Sanity on guns


When the U.S. Senate takes up gun legislation next week, a ban on assault weapons and high-capacity ammunition magazines won’t be part of the main debate. Even so, advocates of sensible gun-control measures — and they include most Americans — can still hope, and push for, life-saving changes in the nation’s firearms laws.

A bill approved by the Senate Judiciary Committee would expand federal background checks for firearms buyers and impose stiffer penalties for illegal gun trafficking. Both measures are more achievable politically than an assault weapons ban, and probably would be more effective in reducing gun violence. Handguns, not assault weapons, are used in the vast majority of gun homicides.

A bipartisan group of senators appears to agree that background checks need to expand to cover most private sales, including those conducted at gun shows and over the Internet. As many as 40 percent of gun transfers occur privately.

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Ohio Sen. Rob Portman could play a pivotal role in determining whether expanded background checks and other measures pass the Senate. He is among senators targeted by New York Mayor Michael Bloomberg and his advocacy group, Mayors Against Illegal Guns, in TV ads that promote legislation to reduce gun violence. Senator Portman should take this historic opportunity to help make his state and nation safer, and less likely to suffer the kind of horrific mass murders witnessed at Newtown and Columbine.

Universal background checks would close a gaping hole in the system that allows guns to flow from legal to illegal hands. They would not eliminate illegal purchases, but they would make such transactions more difficult. Even under the current system of background checks, more than 2 million prospective purchasers have been denied.

In the debate on universal background checks, record-keeping requirements for sales continue to be a sticking point. The big question is whether private sellers should conform to the same requirements as licensed firearms dealers to maintain sales records.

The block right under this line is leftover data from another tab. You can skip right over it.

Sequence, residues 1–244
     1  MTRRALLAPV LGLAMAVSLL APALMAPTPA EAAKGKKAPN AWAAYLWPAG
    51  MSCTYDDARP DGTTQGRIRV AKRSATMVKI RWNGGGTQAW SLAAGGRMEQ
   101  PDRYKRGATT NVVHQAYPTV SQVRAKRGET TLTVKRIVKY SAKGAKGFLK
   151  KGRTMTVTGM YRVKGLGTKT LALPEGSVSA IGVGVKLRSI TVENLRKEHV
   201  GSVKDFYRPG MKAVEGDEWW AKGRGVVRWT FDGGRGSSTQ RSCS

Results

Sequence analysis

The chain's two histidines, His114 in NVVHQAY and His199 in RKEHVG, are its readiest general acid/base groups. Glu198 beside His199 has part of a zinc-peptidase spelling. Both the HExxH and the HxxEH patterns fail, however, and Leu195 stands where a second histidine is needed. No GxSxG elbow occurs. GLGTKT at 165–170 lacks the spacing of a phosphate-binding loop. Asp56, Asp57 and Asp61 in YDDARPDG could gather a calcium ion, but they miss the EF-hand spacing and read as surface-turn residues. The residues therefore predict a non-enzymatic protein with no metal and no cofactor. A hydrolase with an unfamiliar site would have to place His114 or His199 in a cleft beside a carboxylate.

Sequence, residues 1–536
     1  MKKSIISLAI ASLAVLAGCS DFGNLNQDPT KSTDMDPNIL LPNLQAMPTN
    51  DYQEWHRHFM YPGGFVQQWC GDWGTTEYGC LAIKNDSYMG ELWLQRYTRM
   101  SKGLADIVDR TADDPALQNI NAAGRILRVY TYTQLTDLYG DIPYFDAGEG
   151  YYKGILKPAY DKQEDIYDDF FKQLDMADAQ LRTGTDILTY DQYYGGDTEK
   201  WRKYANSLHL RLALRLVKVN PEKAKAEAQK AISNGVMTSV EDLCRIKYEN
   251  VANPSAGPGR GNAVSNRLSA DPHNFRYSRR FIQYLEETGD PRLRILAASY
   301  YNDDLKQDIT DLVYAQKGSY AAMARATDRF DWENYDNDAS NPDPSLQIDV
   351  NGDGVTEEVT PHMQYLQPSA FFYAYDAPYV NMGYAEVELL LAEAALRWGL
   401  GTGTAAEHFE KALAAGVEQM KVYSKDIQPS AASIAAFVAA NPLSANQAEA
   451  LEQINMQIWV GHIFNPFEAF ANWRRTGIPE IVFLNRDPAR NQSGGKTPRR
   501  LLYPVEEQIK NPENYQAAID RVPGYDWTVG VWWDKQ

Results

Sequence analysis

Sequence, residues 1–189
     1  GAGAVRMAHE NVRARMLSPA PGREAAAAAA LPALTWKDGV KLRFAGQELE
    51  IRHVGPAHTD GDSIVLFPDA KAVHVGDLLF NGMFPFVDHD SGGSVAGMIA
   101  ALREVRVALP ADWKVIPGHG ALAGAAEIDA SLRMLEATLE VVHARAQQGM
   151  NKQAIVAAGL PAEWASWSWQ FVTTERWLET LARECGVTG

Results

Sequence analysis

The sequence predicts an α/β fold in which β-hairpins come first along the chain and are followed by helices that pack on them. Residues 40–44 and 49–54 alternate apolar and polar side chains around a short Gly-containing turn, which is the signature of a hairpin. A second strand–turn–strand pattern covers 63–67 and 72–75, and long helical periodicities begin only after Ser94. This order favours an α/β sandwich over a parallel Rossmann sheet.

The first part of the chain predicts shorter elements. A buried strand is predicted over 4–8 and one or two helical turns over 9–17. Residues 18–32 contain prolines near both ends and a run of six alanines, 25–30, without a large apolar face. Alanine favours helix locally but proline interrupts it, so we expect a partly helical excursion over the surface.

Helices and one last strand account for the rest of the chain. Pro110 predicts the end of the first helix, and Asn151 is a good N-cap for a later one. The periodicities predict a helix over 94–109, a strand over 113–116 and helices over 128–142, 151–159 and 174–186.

Of course they should. Common sense dictates that gun sales should be handled no differently from automobile transactions. Expanded record-keeping would help police trace guns and ensure that private sellers make background checks.

Gun-control and safety laws unquestionably reduce violence. With some of the strictest gun-control laws in Europe, Britain reported 138 gun deaths in 2009. With five times the population, the United States reported nearly 10,000.

To be sure, cultural differences between the countries partly account for the disparity in gun deaths, but stricter gun laws certainly played a part. Americans don’t favor the heavy restrictions imposed on British citizens for gun ownership. Still, they are way ahead of their political leaders on this issue.

Unfortunately, the massacre of 20 children — and six educators who were trying to save them — at Sandy Hook Elementary School last December wasn’t enough to prod Congress to stand up to the gun lobby and support an assault weapons ban. But politics is the art of the possible.

Inserting an assault weapons ban into the main gun-control bill could have prevented even a debate on the legislation. Now, the Senate must focus on other gun-safety measures.

Universal background checks would mark a real step forward. Americans must keep the pressure on Congress to take that step.